The Manhattan Project

By: Chris Cruz

Starting the project

It started when German Physicist Albert Einstein sent a letter to US president Franklin D. Roosevelt warning him that uranium could be made into “extremely powerful bombs of a new type”. Over the next 18 months the president’s advisory committee researched the separation of the rare uranium-235. On June 15, 1940, Roosevelt created the National Defense Research Committee, whose chairman, Vannevar Bush, received responsibility over the Uranium Committee.Bush decided that a bold atomic strike was needed. After a meeting with Bush on Oct. 9, 1941, Roosevelt ordered that work on the bomb be "expedited … in every way possible." Determined to keep the project as secret as possible, Roosevelt, with Harold Smith, paid for the project, which cost about $1.9 billion (in 1944 dollars; about $23.6 billion in 2000 dollars).

Creating the atomic bomb

Three months after the US entered World War II, Bush recommended to the president that the United States Army be put in charge of constructing plants to produce enough fissionable materials. Responsibility was given to Army Corps of Engineers, which made the Manhattan Engineer District. A group led by Enrico Fermi built the first nuclear reactor. It was made up of a pile of uranium bricks embedded in uranium metal slugs. On Dec. 2, 1942 plutonium was produced at a constant rate. The government decidedto go ahead with construction of the nuclear facilities. ACE began making a pilot plant using the electromagnetic-separation technique in Oak Ridge, Tennessee. The plant made uranium in explosive quantities by 1945. The efforts to design the atomic bomb were spread among a number of universities. The project movedthe work to Los Alamos, New Mexico. J. Robert Oppenheimer was hired as director of the new laboratory.Oppenheimer began work at Los Alamos in March 1943, scientists and equipment from many universities moved to the laboratory. The work in the new lab included calculations of how fissionable material might be made to explodeand the construction and testing of the devices. Roosevelt was told that the first bombs would be ready to use against Japan in August 1945 and the probability for success was at least 99%.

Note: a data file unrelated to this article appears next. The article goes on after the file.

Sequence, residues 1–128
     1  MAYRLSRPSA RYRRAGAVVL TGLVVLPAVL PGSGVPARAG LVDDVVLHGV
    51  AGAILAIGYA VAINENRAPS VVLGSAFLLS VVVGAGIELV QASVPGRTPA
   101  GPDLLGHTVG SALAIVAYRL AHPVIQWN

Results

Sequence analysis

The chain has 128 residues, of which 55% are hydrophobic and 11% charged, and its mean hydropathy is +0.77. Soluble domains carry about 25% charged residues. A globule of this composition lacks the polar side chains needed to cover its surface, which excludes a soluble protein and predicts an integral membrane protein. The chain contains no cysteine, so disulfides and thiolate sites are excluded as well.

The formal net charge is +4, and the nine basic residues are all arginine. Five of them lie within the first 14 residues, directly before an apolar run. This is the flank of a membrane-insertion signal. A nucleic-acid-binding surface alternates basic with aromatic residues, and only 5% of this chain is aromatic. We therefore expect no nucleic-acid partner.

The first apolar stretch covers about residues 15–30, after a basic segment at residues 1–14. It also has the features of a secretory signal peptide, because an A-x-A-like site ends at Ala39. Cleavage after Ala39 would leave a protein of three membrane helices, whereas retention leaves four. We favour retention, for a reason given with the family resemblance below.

Exploding the first Atomic bomb

The first atomic bomb was exploded at 5:30 AM on July 16, 1945 at a site called Trinity 120 miles south of Albuquerque, NM. It was detonated on top of a steel tower surrounded by scientific equipment, with remote monitoring taking place in bunkers. The explosion came as a bright light flash, a sudden heat wave, and later a huge roar as the shock wave passed. The bomb made an explosive power equivalent to 20,000 tons of TNT; the tower was completely vaporized and the surrounding desert surface fused to glass. The following month, two other atomic bombs produced by the project, the first using uranium and the second using plutonium, were dropped on Hiroshima and Nagasaki, Japan

Little Boy - Atom Bomb - Hiroshima

Citations

Photographs-

Fat Man. N.d. Nuclear Files.orgWeb. 16 Jan 2013. <http://www.nuclearfiles.org/menu/key-issues/nuclear-

Albert Einstein. N.d. ForbesWeb. 16 Jan 2013. <http://www.forbes.com/pictures/mfl45hggm/no-7-albert-einsetin/>.

Videos-

Hiroshima: Dropping the Bomb. 2007. Film. 16 Jan 2013. <http://www.youtube.com/watch?v=NF4LQaWJRDg>.

Information-

"Manhattan Project." Encyclopedia Americana. Grolier Online, 2013. Web. 16 Jan. 2013.

Badash, Lawrence. "Manhattan Project." Grolier Multimedia Encyclopedia. Grolier Online, 2013.Web. 16 Jan. 2013.

"Manhattan Project." Encyclopædia Britannica. Encyclopædia Britannica Online School Edition.
Encyclopædia Britannica, Inc., 2013. Web. 16 Jan. 2013.